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Meet the New Managing Editors: Olivia Adams

Image of a biracial Black woman with curly hair. She wears a brown top, a blue pendant necklace, and glasses.

Sex and Psychology is expanding! I’m pleased to introduce the latest additions to the team, who will help continue our mission of bringing you science-based sex ed. Next up:

Olivia Adams is a PhD Candidate at Indiana University Bloomington in the Department of Gender Studies. She works closely with Kinsey Institute and School of Nursing research collaborators, and her work focuses on race, ethnicity, and experiences of chronic vulvovagional pain (CVVP) from the patient’s perspective. She’s also one of the new Co-Managing editors of Sex and Psychology.  

I asked Olivia some questions about herself and her experiences researching and educating about sex. Below are some questions and answers from our conversation. Welcome, Olivia!

Q: How did you get involved in sex research? 

A: In a pretty roundabout way! During undergrad at the University of Chicago, I planned on pursing a career in journalism in the Arab and Muslim world. I was an international relations major, switched to Near Eastern languages and civilizations, plus I was taking Arabic language classes. Right before my sophomore year, I was diagnosed with levator dyspareunia, a chronic vulvovaginal pain (CVVP) condition. Managing that diagnosis and the treatment for it honestly sucked. On a whole other level, it was also really difficult to deal with because it was my first personal introduction to the limitations of the U.S. medical system. I had a couple bad experiences with providers, dealt with diagnostic delay, and was facing some social issues around sex and gender norms as a college student. I ended up picking up a gender and sexuality studies major in college largely due to these experiences. All of this eventually inspired me to become a comprehensive sex education advocate and later a sex researcher.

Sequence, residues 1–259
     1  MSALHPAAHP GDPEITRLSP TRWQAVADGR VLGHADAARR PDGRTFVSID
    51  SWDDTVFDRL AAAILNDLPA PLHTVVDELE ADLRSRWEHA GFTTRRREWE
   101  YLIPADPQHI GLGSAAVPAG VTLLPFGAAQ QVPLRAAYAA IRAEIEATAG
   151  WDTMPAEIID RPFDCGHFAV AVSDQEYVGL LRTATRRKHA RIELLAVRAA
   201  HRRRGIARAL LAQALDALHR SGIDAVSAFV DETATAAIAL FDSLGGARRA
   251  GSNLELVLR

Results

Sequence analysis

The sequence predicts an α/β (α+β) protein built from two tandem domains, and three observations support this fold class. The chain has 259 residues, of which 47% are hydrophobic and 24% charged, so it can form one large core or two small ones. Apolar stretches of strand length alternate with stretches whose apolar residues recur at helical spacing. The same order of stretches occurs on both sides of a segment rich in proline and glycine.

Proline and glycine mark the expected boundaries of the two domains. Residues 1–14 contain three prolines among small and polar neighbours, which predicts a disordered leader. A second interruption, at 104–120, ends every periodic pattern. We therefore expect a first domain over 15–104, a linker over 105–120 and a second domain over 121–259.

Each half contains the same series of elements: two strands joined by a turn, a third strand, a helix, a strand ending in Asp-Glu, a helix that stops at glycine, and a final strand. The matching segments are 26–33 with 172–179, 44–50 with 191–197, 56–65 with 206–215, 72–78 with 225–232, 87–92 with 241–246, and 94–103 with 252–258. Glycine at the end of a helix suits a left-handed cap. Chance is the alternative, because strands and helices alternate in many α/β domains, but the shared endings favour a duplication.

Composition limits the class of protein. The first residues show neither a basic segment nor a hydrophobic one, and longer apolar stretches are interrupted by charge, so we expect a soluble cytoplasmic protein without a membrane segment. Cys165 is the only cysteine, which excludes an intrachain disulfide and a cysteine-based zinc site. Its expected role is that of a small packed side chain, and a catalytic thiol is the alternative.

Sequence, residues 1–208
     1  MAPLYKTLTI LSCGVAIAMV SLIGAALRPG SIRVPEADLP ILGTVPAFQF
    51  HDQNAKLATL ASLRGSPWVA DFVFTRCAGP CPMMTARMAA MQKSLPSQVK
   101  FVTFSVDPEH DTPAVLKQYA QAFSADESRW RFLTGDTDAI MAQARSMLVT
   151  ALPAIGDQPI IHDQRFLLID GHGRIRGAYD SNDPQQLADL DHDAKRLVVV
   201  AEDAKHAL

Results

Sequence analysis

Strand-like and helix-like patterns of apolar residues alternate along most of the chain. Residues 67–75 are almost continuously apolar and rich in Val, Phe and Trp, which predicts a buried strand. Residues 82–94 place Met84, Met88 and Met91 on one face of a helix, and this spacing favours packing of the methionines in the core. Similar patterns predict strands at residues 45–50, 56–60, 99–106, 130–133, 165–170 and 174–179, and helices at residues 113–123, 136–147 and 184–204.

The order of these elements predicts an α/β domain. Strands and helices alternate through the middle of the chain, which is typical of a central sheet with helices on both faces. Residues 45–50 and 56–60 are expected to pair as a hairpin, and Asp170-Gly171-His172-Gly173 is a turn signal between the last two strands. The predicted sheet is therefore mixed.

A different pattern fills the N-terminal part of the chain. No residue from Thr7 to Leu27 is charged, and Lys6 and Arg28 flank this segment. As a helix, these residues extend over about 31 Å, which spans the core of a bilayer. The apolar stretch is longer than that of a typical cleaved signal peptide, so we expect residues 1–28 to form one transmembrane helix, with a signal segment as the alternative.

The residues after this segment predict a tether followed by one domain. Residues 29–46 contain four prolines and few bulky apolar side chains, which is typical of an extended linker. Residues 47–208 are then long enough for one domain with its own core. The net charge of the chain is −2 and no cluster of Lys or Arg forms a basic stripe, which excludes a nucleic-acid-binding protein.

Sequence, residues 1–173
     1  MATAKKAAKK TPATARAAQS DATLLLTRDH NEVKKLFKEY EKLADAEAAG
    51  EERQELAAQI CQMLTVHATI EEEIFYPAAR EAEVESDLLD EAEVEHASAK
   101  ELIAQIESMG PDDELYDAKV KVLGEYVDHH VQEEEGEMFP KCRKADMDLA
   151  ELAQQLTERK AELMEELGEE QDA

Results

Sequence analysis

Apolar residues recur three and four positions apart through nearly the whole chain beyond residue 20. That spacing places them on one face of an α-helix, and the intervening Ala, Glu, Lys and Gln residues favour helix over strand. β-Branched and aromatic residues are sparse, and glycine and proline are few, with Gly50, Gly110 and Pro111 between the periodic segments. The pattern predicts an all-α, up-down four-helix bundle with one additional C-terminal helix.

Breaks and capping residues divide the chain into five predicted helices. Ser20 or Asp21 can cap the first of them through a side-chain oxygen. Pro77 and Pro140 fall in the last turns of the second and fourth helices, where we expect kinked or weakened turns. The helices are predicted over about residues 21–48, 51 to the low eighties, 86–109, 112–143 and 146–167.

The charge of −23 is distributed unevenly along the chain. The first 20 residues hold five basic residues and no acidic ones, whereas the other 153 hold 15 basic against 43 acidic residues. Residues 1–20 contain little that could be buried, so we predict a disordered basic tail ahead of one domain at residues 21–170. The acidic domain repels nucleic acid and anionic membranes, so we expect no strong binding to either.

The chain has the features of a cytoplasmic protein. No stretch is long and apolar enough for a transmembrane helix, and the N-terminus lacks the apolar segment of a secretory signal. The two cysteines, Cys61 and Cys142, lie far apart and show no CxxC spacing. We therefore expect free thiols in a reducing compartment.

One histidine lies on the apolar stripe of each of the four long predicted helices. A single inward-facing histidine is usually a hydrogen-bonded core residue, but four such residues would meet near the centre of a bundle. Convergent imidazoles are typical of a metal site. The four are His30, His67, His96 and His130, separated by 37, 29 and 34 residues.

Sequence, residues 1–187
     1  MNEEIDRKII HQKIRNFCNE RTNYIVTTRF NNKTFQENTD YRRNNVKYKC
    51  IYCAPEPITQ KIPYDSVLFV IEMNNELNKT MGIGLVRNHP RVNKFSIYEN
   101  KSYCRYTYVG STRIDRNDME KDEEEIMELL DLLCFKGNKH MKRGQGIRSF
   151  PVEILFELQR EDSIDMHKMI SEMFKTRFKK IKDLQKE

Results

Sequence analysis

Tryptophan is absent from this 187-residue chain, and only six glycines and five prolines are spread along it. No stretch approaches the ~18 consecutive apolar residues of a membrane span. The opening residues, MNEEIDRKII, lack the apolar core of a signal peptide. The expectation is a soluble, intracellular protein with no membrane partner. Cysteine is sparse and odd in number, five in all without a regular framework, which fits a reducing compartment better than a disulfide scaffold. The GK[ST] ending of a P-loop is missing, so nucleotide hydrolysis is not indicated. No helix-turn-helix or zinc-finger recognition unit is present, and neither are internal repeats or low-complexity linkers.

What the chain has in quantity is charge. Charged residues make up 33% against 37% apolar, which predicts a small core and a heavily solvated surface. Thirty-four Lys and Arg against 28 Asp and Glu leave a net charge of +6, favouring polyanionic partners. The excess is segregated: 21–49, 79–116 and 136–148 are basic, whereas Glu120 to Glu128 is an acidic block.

Q: What kind of sex education did you do in college? 

A: It was a peer sex education group, we called it “Tea Time and Sex Chats.” Basically, we would organize sessions on various topics but also provide tea and dainty little sandwiches to, of course, fill seats (food = attendance) but also to make folks more comfortable. We were trying to create the opposite environment of the university-sanctioned sex education that usually took place in a big auditorium. Our sessions were also always LGBTQ+ centered and focused on pleasure and consent.

Q: Did you have a favorite topic or session? 

A: One of my favorite sessions was called “The Art of Dirty Talk and Fantasy.” It was actually our big session on consent, and we packaged it in a way that really focused on sexual communication and pleasure.

Q: What are your research interests and what are you working on now?

A: I research chronic vulvovaginal pain conditions, which is an umbrella term for a lot of different conditions (e.g., vulvodynia, dyspareunia, vaginismus/GPPPD, etc.) that generally manifest as chronic pain and other issues in the vagina, vulva, and may also involve pelvic floor dysfunction. I focus on patient experiences, ranging from the day-to-day of people’s pain (e.g., what terms they use to describe it, the severity, what activities aggravate it, etc.) as well as issues around the journey to diagnosis and diagnostic delay. A lot of current and past research focuses on sexual problems and pain — I work on that, but I also like to focus on non-sexual contexts, especially how people with CVVP navigate preventive/routine care like a pelvic exam or Pap smear procedure. I also examine all of these issues around race and ethnicity, and strive to better represent the experiences of women of color — especially Black women as well as Hispanic women — who are living with CVVP.

Q: Can you talk about one specific condition that is really common or is central to your research in some way?